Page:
As a Ford shop foreman forever you are not aware Ford pays as little as possible for warranty reimbursement. They do not allow nearly enough time to diagnose the issue and no where enough to do a quality repair. So the dealer and the poor mechanics get screwed by Ford all the time. This new clown at the helm is just another in a long line of jerks trying to pump up the stock and make unrealistic goals. Screwing the dealerships and the customers to attain their crazy goals. I have witnessed it more times than I care to think about. I go back to Jack Nasser. That moron almost bankrupted Ford. Remember when they were promising self driving vehicles a while back? They did some quick backtracking on that ! This everything electric now bullsh1t will bite them in the a$$ too. I feel better now !!!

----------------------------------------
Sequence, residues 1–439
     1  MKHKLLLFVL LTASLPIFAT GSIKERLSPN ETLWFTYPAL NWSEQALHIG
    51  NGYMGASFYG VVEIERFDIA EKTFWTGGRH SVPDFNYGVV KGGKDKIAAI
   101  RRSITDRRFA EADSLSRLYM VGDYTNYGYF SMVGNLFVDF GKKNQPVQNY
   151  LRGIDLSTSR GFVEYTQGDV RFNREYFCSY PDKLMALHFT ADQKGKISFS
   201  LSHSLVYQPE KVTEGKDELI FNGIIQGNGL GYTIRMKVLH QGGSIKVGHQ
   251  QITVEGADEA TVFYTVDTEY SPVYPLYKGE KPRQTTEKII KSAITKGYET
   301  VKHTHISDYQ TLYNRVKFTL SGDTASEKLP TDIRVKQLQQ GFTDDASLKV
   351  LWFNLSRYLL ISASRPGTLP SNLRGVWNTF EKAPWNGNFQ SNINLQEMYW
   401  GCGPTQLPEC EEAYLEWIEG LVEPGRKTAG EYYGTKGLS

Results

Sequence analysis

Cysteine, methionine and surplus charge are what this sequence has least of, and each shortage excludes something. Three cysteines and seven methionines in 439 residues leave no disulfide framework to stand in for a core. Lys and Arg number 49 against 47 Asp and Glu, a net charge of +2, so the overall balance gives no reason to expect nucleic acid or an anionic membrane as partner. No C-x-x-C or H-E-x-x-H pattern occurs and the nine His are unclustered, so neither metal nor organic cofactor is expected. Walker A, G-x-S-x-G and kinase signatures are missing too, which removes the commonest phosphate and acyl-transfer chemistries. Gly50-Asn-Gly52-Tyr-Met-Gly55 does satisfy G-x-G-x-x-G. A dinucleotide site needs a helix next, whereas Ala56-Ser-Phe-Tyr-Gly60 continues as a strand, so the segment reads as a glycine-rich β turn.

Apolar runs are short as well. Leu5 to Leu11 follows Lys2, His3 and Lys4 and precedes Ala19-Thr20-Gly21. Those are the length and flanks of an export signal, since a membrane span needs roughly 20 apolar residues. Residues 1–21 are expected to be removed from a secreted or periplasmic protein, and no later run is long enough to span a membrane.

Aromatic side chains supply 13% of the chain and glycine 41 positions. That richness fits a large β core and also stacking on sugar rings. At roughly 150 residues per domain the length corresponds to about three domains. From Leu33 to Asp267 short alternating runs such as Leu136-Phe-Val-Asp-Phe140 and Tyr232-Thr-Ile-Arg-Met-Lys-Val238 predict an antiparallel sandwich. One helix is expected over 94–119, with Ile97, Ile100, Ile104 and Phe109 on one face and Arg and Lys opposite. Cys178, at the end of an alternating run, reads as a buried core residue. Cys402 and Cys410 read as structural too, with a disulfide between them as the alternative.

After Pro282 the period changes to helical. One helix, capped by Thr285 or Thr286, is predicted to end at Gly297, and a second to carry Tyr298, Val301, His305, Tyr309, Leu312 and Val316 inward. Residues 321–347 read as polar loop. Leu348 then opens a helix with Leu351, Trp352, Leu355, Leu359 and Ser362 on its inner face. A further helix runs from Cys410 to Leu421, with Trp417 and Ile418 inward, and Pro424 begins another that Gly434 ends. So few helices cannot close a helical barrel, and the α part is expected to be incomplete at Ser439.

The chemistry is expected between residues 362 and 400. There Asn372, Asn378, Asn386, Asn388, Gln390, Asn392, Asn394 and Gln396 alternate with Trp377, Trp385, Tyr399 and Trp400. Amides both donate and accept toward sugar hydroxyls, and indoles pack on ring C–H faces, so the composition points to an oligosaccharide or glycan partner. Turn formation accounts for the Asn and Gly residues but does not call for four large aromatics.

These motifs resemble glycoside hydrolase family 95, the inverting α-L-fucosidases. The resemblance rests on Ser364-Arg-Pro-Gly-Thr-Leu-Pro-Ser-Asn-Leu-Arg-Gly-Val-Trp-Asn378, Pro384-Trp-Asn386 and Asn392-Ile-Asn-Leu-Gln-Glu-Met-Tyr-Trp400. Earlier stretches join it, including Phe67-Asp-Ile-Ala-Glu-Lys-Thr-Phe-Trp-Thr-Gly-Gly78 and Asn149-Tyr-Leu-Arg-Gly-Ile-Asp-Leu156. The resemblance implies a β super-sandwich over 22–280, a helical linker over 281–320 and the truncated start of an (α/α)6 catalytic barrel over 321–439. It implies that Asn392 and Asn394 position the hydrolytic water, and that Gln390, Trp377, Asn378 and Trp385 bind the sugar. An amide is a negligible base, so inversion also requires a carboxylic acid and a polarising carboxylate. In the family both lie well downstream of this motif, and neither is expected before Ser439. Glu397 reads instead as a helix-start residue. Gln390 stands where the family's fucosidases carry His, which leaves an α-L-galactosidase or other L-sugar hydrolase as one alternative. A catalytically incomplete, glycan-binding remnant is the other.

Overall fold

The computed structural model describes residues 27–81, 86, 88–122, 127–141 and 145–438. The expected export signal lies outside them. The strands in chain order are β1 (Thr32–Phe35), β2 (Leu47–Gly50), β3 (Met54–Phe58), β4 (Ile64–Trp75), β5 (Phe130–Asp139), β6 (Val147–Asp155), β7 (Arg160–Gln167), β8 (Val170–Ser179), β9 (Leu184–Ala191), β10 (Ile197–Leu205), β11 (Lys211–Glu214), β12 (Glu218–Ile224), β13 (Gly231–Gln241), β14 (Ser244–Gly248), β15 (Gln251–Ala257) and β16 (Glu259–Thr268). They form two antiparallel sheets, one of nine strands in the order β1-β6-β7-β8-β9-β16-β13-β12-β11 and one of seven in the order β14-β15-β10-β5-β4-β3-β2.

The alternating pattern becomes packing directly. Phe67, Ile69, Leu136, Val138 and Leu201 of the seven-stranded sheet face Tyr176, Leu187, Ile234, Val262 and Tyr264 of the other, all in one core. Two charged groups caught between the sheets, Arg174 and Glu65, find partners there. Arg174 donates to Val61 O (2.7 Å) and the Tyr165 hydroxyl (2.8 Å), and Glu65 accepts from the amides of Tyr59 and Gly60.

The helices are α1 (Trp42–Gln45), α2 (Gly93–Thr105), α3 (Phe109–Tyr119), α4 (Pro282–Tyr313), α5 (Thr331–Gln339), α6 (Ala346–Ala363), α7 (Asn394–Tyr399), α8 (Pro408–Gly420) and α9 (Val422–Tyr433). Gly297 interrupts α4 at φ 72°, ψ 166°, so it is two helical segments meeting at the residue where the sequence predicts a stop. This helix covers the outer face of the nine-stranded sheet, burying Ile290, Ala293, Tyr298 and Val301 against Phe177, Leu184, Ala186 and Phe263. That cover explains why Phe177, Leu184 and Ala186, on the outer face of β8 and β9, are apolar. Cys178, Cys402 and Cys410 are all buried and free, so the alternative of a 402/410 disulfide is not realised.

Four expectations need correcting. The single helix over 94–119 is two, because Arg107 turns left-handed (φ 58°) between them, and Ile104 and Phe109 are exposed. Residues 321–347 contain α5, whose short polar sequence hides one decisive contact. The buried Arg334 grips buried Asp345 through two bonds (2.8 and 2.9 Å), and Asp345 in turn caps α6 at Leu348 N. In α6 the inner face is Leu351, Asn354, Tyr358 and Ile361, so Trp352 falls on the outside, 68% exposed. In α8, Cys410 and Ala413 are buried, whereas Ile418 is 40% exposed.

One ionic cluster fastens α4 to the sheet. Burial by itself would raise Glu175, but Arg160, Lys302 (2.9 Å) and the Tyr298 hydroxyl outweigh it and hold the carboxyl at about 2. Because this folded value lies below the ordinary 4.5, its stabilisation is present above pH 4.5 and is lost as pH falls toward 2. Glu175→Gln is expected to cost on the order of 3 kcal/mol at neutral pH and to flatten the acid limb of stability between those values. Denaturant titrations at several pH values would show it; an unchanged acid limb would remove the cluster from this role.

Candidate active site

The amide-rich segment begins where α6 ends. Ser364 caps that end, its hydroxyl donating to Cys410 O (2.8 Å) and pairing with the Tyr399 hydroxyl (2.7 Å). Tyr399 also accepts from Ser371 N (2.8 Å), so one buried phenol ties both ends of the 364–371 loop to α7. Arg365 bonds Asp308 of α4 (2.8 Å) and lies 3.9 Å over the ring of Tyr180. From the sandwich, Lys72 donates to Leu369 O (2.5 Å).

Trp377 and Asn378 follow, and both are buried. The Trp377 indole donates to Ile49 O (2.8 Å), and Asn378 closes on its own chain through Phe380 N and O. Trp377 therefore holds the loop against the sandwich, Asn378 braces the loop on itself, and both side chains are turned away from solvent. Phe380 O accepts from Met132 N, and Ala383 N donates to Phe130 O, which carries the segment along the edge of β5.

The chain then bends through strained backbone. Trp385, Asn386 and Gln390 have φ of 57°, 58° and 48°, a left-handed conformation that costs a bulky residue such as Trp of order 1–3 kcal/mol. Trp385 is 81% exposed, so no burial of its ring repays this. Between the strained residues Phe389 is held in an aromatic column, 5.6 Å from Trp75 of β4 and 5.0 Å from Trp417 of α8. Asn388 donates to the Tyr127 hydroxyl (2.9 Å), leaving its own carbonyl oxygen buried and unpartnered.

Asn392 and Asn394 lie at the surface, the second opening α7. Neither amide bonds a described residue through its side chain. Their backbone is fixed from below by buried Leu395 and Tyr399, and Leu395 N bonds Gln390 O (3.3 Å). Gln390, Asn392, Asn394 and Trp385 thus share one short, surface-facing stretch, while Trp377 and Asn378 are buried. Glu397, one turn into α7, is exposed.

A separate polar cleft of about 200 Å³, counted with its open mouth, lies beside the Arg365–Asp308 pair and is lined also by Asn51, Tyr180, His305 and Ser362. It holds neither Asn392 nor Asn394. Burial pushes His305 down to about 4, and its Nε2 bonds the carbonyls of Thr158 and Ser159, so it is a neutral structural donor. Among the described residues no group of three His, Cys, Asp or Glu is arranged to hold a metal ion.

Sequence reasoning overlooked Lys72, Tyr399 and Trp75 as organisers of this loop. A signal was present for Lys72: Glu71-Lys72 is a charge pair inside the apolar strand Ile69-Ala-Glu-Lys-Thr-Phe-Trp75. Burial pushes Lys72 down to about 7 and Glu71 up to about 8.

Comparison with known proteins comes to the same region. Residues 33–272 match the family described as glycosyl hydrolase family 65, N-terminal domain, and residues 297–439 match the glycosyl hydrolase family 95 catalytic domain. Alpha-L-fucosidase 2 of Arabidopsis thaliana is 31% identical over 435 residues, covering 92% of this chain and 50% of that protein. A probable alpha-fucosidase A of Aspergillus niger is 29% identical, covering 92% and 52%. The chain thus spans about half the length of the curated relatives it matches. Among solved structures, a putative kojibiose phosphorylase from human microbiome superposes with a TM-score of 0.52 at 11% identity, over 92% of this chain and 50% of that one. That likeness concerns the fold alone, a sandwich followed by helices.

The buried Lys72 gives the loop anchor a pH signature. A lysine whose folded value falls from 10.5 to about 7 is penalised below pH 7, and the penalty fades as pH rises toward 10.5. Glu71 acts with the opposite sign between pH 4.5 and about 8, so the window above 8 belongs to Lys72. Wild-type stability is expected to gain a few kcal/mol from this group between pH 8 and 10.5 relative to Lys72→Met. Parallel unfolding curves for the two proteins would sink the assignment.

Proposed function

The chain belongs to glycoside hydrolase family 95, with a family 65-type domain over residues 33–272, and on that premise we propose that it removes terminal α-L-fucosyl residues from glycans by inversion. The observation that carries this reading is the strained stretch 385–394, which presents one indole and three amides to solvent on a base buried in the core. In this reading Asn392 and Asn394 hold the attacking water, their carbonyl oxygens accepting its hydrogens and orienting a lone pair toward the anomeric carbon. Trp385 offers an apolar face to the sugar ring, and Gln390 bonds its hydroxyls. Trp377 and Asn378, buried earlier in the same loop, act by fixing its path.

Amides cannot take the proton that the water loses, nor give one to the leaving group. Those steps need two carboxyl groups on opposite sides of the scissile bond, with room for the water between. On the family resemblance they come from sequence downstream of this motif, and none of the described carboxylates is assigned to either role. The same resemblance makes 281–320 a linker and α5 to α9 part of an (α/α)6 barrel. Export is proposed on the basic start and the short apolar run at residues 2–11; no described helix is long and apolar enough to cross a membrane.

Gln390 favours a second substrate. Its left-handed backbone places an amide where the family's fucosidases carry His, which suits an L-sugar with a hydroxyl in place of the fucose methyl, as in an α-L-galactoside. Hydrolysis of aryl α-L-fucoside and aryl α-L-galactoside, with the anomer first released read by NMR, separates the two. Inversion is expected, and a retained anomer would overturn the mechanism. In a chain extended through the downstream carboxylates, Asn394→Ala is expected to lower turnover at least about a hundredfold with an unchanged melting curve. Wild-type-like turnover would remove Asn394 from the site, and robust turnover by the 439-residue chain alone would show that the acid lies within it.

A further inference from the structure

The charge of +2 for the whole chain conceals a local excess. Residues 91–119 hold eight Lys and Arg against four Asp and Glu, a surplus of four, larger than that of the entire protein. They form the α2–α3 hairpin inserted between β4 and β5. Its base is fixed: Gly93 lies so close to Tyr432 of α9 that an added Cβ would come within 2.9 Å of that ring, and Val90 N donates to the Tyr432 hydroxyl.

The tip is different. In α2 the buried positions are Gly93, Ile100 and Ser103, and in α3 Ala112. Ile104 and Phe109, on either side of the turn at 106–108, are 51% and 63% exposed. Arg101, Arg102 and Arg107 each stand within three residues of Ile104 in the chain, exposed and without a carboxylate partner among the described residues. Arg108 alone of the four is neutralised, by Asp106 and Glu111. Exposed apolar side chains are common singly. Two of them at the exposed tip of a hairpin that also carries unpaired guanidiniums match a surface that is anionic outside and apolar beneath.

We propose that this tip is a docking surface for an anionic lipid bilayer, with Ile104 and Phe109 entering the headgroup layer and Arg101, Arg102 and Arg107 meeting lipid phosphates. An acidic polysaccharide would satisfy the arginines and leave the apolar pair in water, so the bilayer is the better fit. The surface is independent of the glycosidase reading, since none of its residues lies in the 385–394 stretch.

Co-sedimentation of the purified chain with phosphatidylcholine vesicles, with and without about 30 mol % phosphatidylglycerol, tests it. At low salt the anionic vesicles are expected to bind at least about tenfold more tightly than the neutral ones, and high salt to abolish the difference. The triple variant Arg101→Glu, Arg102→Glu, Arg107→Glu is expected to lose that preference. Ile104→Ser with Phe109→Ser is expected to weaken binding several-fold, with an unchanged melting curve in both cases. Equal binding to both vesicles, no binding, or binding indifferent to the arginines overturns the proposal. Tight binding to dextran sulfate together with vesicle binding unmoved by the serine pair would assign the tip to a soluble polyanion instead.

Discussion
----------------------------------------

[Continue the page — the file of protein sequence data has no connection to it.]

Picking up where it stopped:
Farley is an idiot!!

  3. Tim

    Hmm maybe fords next move is to employ Amazon to sell and deliver their vehicles. Dealerships and large lots would not be required.
    No sales people just repair centres seems the way they are going.

    1. Tony

      Full autonomy is for people that cannot drive or shouldn’t be driving

  4. Preben Christensen

    I’m waiting for my 2022 King Ranch to arrive waiting for a year. Sad to say this will be my last Ford. Been a steady customer since I bought my 1960 Ford Sunliner. I will not be a part of your woke agenda so I will keep this last Ford till I can’t drive anymore. Go Ecoboost.

  5. donnie

    Farley and his crew are a farce-waiting a year and no maverick in sight in the furture either-fix one part before you mess the whole machine up-bring ford a
    back to america and send the current executives to mekico

  6. R. Walker

    Ford and Lincoln dealerships are independents. Once the car is produced, the dealers pay the company and take delivery. They finance all the vehicles that are sitting on their lots, in stock. Every day the car sits, without being sold, it costs the dealer money. That is why you can always negotiate a bit of a deal at the end of the month. Dealers don’t want to pay interest on their loan for another month.